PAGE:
One of the wonderful things about doing a PhD is the rich interdisciplinary setting in which you can do them. Just like any good multi-disciplinary office or ward my office is a melting pot of minds from all different disciplines. Instead of physiotherapists, occupational therapists, nurses and medics I am sharing with psychologists, linguists and speech and language therapists from all over the world. These wonderful colleagues of mine are interested in a vast array of topics and have embarked on a vast array of research. And the even more wonderful thing is that I am able to hear and learn so much more than I bargained for because of them.
I toyed with the idea of giving this blog post the title of “sharing is caring” as that is kind of how it works as well. My colleagues are also my friends and we care about each others work and interests so we also help each other out- doing a recording, engaging in a pilot for an experiment, listening to ideas, theories and concerns and general woes. Yet sharing research and helping each other also means we learn and gain from one another.
I have found to my surprise that my skills in networking and social media (yes apparently I write a mean tweet !?) are something of a useful currency in trading helpful hints and skills. I have also been able to provide lots advice on communicating with people with communication difficulties. In exchange I have learnt ever so much, particular as regards statistics- how to actually use SPPS for example. How to make SPSS draw me a graph, what parametric and non-parametric mean, and how to conduct the odd statistical analysis….I have done a basic course on some of this BUT…..statistics are not my forte and having these colleagues around me to ask and brainstorm with is such a relief!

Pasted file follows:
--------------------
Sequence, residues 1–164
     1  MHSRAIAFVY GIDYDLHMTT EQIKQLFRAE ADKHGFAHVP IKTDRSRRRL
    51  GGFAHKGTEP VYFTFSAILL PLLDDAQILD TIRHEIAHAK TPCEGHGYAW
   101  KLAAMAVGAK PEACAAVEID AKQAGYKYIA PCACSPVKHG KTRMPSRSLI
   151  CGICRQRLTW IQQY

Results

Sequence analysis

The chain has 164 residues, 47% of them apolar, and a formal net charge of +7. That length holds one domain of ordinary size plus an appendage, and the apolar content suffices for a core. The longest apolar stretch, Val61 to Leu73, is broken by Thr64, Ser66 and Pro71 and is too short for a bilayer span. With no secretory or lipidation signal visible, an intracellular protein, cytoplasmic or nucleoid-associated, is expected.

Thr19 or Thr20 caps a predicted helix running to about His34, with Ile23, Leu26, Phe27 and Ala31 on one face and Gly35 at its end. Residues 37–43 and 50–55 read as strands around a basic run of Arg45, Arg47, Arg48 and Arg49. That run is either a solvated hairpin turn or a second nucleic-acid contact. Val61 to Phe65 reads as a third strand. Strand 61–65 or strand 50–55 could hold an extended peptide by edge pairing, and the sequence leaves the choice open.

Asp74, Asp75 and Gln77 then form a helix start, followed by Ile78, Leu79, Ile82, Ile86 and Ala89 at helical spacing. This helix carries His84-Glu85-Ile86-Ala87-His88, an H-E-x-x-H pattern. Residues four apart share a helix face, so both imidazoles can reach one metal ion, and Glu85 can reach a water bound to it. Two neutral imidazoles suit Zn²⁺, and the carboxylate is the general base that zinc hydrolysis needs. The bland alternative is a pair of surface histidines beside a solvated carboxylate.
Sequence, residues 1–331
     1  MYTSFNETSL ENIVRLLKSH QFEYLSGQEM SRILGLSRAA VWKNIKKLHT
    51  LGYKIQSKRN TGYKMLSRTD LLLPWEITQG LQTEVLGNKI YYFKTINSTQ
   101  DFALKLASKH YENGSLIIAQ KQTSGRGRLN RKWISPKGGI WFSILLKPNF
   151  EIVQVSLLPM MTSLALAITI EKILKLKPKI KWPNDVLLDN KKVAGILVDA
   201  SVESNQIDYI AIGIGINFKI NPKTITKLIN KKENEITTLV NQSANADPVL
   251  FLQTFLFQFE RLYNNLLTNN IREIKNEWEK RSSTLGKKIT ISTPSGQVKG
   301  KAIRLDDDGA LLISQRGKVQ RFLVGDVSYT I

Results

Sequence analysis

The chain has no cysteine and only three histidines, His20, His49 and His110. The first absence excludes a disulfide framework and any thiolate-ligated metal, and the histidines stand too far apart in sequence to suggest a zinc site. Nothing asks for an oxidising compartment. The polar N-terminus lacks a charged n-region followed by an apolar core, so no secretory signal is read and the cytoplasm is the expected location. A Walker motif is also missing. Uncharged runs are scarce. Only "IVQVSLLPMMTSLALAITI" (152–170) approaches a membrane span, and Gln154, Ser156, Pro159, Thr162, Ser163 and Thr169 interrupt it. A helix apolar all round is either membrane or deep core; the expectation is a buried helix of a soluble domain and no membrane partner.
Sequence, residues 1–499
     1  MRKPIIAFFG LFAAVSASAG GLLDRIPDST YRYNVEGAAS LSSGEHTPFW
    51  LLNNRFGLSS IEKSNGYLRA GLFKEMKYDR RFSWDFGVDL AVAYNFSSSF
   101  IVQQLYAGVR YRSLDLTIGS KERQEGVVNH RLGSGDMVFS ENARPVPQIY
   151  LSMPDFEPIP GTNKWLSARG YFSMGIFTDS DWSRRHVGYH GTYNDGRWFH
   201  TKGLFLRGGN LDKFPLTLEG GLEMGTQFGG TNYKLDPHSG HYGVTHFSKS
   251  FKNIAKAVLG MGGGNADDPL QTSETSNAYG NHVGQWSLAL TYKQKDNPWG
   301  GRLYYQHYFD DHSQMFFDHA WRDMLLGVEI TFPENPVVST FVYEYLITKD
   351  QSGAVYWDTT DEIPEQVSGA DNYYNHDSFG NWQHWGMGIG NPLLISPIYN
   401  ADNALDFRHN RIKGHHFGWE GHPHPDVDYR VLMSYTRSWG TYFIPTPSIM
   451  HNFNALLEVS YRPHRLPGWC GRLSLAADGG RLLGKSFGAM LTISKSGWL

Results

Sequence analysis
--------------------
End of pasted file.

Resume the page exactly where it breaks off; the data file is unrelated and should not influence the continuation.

I have learnt about formulaic sentences, functional imaging and neural processing of syntax, dutch vowel acquisition in English children, Gerstmann’s syndrome and word monitoring tasks. I have also had opportunities to work together with colleagues to run focus groups, thematically analyse data, organise seminars and practice presentations and lectures.
Doing a PhD is a rich and wonderful experience – it is also an experience undertaken with a group of colleagues. And one can learn so much from this pool of brilliant minds. I know this will always change the way I think about research, plan projects and work with people as a speech and language therapist.